Who regulates plastics in the US?

How the new single-use plastics law will work

In an attempt to stem the plastic flood, several countries have begun regulating and even banning single-use plastics. And one more has just joined the group. As of July 20, 2019, Panama will ban the use of single-use plastic bags for transporting products and goods.

In August 2010, in Mexico, the section banning the use of non-biodegradable plastic bags came into force under the Solid Waste Law. Since then, several states have begun to regulate single-use plastics, such as Querétaro and Mexico City, where the ban will come into force in 2021.

Since April 2016, a regulation on plastic bags has been in force in Colombia. Those measuring 30×30 centimeters ceased to circulate in the country and a tax began to be levied as a measure to protect ecosystems.

In March 2019, the European Parliament banned ten single-use plastic items, such as straws, cotton swabs and cutlery. MEPs also agreed on a target to collect and recycle 90% of beverage bottles by 2029.

The U.S. promotes environmentalism and is the world’s largest producer of

This bill, authored by Senator Jeff Merkley and Representative Alan Lowenthal, will be introduced this Thursday, March 25, proposing to establish requirements and prohibitions related to manufacturing, waste collection and recycling systems for a variety of products and materials.

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This bill seeks to address the plastic pollution crisis from a prohibitionist perspective. Thus, if passed, starting January 1, 2022, the bill will phase out a variety of single-use products, such as different plastic utensils.

PLASTICS Chief Economist Perc Pineda, PhD. said, “The Plastic Pollution Freedom Act poses a grave danger to the U.S. economy, particularly the manufacturing sector. It seriously jeopardizes capital expenditures of more than $7.0 billion in the manufacturing of plastics materials and resins. Importantly, for every dollar spent on manufacturing, another $2.74 is added to the U.S. economy.

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A report by the U.S. National Academy of Sciences reveals that the United States, with 42 million tons of waste, is the world’s largest plastic polluter, a problem that requires the Biden administration to act as soon as possible.

This is revealed in a new report by the National Academy of Sciences, Engineering and Medicine, which was commissioned by the U.S. Congress last term and details the worsening trend of this type of waste in the United States. To tackle the problem, the document urges both the legislative body and the administration led by President Joe Biden to create a national strategy by the end of 2022 for the country to reduce its contribution to global plastic waste and establish an expanded, nationally coordinated monitoring system to track plastic pollution, as well as set priorities for reduction and management.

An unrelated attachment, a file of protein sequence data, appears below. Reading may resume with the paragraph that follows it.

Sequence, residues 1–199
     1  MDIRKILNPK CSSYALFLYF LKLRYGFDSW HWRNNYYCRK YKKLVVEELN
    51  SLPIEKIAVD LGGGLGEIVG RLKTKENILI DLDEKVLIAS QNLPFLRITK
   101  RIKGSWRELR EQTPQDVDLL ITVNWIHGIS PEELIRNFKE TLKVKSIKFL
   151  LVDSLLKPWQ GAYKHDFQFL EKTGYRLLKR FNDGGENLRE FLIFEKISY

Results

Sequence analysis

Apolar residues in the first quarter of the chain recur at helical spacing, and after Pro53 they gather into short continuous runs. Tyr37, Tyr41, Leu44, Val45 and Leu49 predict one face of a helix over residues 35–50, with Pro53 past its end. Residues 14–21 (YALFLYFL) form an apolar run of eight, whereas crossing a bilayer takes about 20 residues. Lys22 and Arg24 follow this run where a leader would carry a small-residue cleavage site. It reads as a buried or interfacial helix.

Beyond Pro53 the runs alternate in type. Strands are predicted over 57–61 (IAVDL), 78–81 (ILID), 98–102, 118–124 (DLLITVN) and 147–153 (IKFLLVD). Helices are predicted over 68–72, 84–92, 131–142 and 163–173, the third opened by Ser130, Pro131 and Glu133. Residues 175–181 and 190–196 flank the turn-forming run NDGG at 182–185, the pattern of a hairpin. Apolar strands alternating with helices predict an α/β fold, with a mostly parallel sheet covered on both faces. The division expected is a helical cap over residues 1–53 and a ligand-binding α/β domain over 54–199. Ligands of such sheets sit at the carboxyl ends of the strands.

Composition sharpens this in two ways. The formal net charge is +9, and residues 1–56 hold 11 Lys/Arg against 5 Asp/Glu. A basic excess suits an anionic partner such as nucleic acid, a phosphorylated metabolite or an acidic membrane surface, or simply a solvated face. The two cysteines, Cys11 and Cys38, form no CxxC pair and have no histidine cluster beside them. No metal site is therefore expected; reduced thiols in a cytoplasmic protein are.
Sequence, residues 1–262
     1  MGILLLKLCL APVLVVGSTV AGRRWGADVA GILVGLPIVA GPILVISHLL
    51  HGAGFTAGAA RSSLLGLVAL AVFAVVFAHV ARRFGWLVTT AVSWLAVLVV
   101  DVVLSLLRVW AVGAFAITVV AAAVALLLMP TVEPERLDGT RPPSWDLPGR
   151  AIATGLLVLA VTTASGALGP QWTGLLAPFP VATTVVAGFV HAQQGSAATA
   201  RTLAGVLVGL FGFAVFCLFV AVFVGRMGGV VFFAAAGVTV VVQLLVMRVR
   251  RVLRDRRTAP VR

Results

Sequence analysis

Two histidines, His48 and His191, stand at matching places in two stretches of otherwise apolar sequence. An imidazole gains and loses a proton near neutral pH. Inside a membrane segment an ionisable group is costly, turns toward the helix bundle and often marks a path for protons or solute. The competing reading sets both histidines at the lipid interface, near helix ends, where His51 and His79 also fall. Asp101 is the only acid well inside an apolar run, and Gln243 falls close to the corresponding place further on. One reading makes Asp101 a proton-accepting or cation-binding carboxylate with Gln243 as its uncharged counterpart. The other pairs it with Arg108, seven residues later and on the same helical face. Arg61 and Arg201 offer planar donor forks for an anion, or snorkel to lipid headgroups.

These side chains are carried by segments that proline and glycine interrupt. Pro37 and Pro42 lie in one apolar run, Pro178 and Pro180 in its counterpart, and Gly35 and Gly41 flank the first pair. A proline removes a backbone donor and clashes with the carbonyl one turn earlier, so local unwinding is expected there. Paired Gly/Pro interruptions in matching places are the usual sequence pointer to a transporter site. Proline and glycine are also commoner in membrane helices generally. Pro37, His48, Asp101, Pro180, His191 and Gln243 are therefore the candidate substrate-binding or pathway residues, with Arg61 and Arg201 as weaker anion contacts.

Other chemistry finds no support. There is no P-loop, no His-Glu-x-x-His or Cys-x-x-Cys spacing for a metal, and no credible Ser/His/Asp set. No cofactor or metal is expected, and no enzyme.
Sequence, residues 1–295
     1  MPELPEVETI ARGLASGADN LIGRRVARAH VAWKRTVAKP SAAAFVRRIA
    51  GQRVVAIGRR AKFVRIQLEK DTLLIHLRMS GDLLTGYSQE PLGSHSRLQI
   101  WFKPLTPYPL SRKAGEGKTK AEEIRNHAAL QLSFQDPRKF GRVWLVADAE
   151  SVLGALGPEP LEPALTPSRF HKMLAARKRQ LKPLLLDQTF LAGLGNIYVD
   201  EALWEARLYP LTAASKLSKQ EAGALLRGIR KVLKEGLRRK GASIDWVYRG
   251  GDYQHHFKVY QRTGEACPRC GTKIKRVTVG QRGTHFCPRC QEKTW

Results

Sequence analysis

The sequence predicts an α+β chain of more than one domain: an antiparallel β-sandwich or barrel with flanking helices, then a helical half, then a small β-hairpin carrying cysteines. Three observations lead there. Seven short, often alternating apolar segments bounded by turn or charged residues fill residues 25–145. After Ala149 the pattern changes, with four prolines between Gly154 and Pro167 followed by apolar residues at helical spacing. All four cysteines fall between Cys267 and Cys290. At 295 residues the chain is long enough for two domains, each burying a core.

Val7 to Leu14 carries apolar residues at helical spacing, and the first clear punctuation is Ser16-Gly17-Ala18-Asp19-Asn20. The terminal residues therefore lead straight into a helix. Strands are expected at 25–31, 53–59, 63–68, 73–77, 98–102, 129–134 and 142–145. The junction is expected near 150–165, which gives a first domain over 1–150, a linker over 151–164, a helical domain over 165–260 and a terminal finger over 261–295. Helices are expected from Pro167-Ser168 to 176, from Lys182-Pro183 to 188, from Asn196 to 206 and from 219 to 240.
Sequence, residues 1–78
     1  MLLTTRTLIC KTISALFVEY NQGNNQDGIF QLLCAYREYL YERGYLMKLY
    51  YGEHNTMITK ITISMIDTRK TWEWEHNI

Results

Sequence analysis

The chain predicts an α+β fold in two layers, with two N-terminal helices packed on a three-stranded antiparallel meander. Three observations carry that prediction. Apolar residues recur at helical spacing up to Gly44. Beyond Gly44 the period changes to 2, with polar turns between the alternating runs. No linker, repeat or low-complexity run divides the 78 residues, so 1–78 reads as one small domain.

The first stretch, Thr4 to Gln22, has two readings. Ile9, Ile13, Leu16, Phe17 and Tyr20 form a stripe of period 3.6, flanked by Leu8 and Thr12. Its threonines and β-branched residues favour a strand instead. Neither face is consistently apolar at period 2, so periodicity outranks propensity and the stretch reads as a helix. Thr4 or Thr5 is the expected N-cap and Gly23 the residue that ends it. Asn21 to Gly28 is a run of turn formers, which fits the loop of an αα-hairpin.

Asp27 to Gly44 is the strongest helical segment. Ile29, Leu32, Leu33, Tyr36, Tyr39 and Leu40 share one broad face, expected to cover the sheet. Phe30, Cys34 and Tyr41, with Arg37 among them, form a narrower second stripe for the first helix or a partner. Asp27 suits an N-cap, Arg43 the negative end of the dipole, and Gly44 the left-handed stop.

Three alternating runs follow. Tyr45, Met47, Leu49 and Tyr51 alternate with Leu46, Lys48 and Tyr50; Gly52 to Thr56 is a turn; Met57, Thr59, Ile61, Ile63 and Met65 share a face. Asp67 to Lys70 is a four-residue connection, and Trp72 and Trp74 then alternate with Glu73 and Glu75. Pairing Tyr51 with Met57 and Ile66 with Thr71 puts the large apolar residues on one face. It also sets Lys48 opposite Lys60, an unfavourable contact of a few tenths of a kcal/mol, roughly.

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The report explains that while the U.S. solid waste management system is generally advanced, it has a major volume problem and is clearly incapable of managing the enormous amount of waste the country generates. Therefore, its authors believe that “there is a need and opportunity to expand and evolve municipal solid waste management to ensure that plastic waste is better managed” through federal policies that are consistent, comprehensive and cross-cutting. Specifically, the report notes that this strategy should be developed by a group of experts or an external advisory body by December 31, 2022, for implementation to be effective in the first half of this decade.

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In parallel, the manufacture of single-use plastics has often been considered “core business” in several U.S. states – the rules vary from state to state – mainly because of its role in the manufacture of hospital supplies and food containers and packaging.

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However, says Minister Carolina Schmidt, there are products in which, for safety and hygiene reasons, the use of disposable materials such as some types of plastics must be maintained. And in the current scenario of sanitary crisis, the government is opening up to make modifications to the bill that will regulate single-use plastics recently passed by the Senate Environment Committee, approved unanimously after a transversal agreement among all sectors.

“When as an industry we strongly insist on not prohibiting but regulating, it has to do precisely with this type of thing, because in a scenario where all these articles are prohibited and a health crisis occurs and it is said ‘let’s allow them now’ -which seems to me to be completely logical and sensible-, where are we going to get them from. There probably won’t be anyone to produce them.”